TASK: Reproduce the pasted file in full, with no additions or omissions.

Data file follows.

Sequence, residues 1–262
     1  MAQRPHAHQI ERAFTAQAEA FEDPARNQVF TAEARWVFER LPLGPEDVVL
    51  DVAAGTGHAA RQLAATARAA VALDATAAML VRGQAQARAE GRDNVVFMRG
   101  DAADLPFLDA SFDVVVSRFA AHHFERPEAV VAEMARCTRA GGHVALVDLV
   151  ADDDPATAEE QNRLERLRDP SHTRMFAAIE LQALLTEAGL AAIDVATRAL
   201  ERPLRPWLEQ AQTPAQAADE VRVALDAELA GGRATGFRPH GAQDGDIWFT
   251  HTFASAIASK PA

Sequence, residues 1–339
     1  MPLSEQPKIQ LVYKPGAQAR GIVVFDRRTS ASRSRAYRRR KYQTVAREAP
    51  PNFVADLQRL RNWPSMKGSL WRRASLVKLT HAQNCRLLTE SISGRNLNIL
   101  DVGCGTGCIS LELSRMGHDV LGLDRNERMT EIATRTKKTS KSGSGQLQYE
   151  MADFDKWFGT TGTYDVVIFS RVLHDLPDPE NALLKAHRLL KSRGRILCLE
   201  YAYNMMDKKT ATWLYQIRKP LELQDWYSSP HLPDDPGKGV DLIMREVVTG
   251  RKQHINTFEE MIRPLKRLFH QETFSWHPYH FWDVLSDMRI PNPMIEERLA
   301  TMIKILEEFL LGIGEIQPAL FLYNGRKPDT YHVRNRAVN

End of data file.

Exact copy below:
Sequence, residues 1–262
     1  MAQRPHAHQI ERAFTAQAEA FEDPARNQVF TAEARWVFER LPLGPEDVVL
    51  DVAAGTGHAA RQLAATARAA VALDATAAML VRGQAQARAE GRDNVVFMRG
   101  DAADLPFLDA SFDVVVSRFA AHHFERPEAV VAEMARCTRA GGHVALVDLV
   151  ADDDPATAEE QNRLERLRDP SHTRMFAAIE LQALLTEAGL AAIDVATRAL
   201  ERPLRPWLEQ AQTPAQAADE VRVALDAELA GGRATGFRPH GAQDGDIWFT
   251  HTFASAIASK PA

Sequence, residues 1–339
     1  MPLSEQPKIQ LVYKPGAQAR GIVVFDRRTS ASRSRAYRRR KYQTVAREAP
    51  PNFVADLQRL RNWPSMKGSL WRRASLVKLT HAQNCRLLTE SISGRNLNIL
   101  DVGCGTGCIS LELSRMGHDV LGLDRNERMT EIATRTKKTS KSGSGQLQYE
   151  MADFDKWFGT TGTYDVVIFS RVLHDLPDPE NALLKAHRLL KSRGRILCLE
   201  YAYNMMDKKT ATWLYQIRKP LELQDWYSSP HLPDDPGKGV DLIMREVVTG
   251  RKQHINTFEE MIRPLKRLFH QETFSWHPYH FWDVLSDMRI PNPMIEERLA
   301  TMIKILEEFL LGIGEIQPAL FLYNGRKPDT YHVRNRAVN